copies your Startup-Sequence to the current directory.

There is some FD software available to patch a Unix-like
interpretation of . and .. into the AmigaDOS, including, but not
limited to, Martin Scott's UnixDirs. (Aminet,
`os20/util/UnixDirsII.lha' or Fish-disk 837)

Arno Eigenwillig (

2.5 The PIPE: queue-handler

In the AmigaOS release 2.04, a new handler for passing data between
programs was introduced. This handler is called `L:Queue-Handler',
better known as the `PIPE:' device.

`PIPE:' implements a true `pipe' familiar from UNIX systems. Its
function is to pass the output of one program to another program as
input. You can chain several programs together using multiple pipes.

The advantages of using pipes are:
1. No need for a lot of RAM to keep the temporary files, or, no need
to slow things down by storing temporary files on the HD.

2. Faster operation since the intermediate data doesn't need to be
stored anywhere between programs.

The `PIPE:' device differs from the UNIX pipes in two important
1. It is a device, so the input and output of the programs doesn't
need to be a redirected standard output, although that is the
general case. You can also use `PIPE:' instead of files, with two
restrictions; you can not read a directory from `PIPE:', and the
`PIPE:' `file' can not be `seeked' in.

2. It does not support a flush operation. If all of the data written
in a `PIPE:' device is not read out, it will stay there, buffered.
Thus you must always `empty' a pipe before closing it.

3. Because of the above, if unread data exceeds the size of the
`PIPE:' internal buffer, the program writing to the pipe will
`block' (that is, suspend operation) until the data is read. See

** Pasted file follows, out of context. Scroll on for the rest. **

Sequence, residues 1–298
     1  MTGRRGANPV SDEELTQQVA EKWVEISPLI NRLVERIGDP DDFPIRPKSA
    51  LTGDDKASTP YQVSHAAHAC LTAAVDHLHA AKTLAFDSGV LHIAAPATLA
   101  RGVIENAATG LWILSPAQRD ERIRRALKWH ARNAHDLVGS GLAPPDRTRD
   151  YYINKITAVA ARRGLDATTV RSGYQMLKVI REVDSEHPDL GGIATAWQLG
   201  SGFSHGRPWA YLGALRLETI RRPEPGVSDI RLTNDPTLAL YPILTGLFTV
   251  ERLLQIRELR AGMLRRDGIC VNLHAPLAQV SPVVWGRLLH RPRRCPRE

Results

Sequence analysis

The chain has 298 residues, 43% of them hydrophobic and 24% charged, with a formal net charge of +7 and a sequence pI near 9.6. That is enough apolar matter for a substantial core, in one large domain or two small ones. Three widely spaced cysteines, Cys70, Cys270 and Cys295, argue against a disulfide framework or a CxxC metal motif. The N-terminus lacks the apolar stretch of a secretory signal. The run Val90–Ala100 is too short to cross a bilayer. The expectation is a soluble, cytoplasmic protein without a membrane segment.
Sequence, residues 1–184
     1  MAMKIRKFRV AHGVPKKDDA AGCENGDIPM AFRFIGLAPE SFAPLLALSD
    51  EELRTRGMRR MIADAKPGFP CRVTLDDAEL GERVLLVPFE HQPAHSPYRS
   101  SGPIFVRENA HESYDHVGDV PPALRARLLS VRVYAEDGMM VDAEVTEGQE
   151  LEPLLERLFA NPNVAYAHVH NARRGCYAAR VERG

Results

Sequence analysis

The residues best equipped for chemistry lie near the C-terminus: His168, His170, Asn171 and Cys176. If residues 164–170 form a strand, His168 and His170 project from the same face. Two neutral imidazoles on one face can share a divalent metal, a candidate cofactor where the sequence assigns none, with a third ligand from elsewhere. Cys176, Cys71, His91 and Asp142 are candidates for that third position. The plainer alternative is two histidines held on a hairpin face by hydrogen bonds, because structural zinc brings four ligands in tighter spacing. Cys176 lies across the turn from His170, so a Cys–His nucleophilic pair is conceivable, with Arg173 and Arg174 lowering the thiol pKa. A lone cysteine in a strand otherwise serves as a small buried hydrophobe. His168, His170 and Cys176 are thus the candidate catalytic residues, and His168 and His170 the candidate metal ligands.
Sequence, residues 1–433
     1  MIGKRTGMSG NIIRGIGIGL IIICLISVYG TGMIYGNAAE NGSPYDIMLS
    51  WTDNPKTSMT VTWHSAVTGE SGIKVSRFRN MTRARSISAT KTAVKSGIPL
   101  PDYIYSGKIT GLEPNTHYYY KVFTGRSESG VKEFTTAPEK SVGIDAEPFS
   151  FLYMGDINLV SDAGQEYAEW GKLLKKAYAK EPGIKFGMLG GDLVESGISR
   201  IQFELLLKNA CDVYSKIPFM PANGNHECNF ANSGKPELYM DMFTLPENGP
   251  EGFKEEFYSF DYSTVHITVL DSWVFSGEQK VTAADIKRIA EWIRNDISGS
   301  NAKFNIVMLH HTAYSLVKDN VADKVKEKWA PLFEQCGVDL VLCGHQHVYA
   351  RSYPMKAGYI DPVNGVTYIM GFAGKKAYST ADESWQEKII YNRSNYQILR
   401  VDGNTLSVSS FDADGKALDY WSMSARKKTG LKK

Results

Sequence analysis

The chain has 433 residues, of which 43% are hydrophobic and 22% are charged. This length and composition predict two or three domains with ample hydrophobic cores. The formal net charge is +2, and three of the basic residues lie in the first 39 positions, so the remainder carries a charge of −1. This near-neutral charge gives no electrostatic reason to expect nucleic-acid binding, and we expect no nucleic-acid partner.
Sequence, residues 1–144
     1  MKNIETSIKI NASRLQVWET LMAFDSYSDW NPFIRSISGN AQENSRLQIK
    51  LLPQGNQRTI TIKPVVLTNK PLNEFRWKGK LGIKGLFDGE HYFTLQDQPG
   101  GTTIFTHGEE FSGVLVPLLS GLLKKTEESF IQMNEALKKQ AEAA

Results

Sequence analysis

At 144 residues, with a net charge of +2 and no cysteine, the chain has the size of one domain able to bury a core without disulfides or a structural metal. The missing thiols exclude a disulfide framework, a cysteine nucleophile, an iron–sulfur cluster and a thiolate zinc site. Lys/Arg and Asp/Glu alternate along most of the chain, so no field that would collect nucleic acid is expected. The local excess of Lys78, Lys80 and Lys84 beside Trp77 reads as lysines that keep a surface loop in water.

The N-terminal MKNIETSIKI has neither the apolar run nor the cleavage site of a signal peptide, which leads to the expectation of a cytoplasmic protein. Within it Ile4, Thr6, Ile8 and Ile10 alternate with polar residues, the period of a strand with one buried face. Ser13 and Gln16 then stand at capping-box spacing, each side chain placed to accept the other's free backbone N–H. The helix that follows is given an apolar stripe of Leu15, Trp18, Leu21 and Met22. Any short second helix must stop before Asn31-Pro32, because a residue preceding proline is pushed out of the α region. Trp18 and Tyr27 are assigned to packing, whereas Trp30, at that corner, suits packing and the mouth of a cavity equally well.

below on how to manually flush a pipe.

The PIPE: handler name syntax is `PIPE:name/bufsize/bufnum', where
`name' is the name for the pipe channel. Using names you can have
several simultaneous pipe operations. The optional arguments
`bufsize'and `bufnum' specify the size and number of the buffers used
by `PIPE:'. Normally, you would just use `PIPE:name'.

The default buffer size of `PIPE:' is 4096 bytes, and the number of
buffers (ie. channels) is unlimited.

Osma Ahvenlampi (

2.5.1 Using PIPE: in a standard AmigaShell environment

First, make sure `PIPE:' is mounted. You can do this by giving the
1> Mount PIPE:

in a Shell window. On an AmigaOS 2.1+ system, `PIPE:' is normally
mounted on startup by placing the mount entry file `PIPE' in the drawer

In an AmigaShell window, give the commands:
1> Run List SYS: >PIPE:Listoutput
1> More <PIPE:Listoutput


These two commands list the contents of the `SYS:' volume to a pipe
and then type it in the Shell window. You could also use:
1> Run List SYS: NOHEAD >PIPE:Listoutput
1> Run Sort PIPE:Listoutput PIPE:Sortedoutput
1> More <PIPE:Sortedoutput

Notice that you need to `Run' all the programs except for the last one.
This is so that you can get them all running simultaneously. You could
also use several Shell windows, or any other way of running all the
programs at the same time. Also this might not work if `More' isn't the
standard Commodore AmigaOS 2.04+ More found in `SYS:Utilities'.

In case you need to manually flush a pipe, for example because the
program that was reading from it aborts prematurely, it can be done
with the command:
1> Type PIPE:name TO NIL:

---------- Footnotes ----------

(1) Note that `1>' is the prompt AmigaShell gives when it is
waiting for a command. The number varies, and the prompt can be
customised to look completely different. It is not a part of the

2.5.2 The Pipe command

As you can see, this is a somewhat difficult way of using pipes,
needing a lot of typing especially compared to the UNIX pipes. There is
a solution for that.

Andy Finkel, a former Commodore software engineer wrote a command
called `Pipe' (not to be confused with `PIPE:') that simplifies the use
of the `PIPE:' device. Unfortunately, this command did not make it into
the 2.04 release. However, Commodore has given the permission to
distribute this, and a few other commands, freely. (Sources: Fish disk
673, Aminet, `util/cli/finkelshelltools.lha')

For some reason Commodore did not include these commands in the later
OS releases, although they work fine even with OS 3.1 (V40). Thus all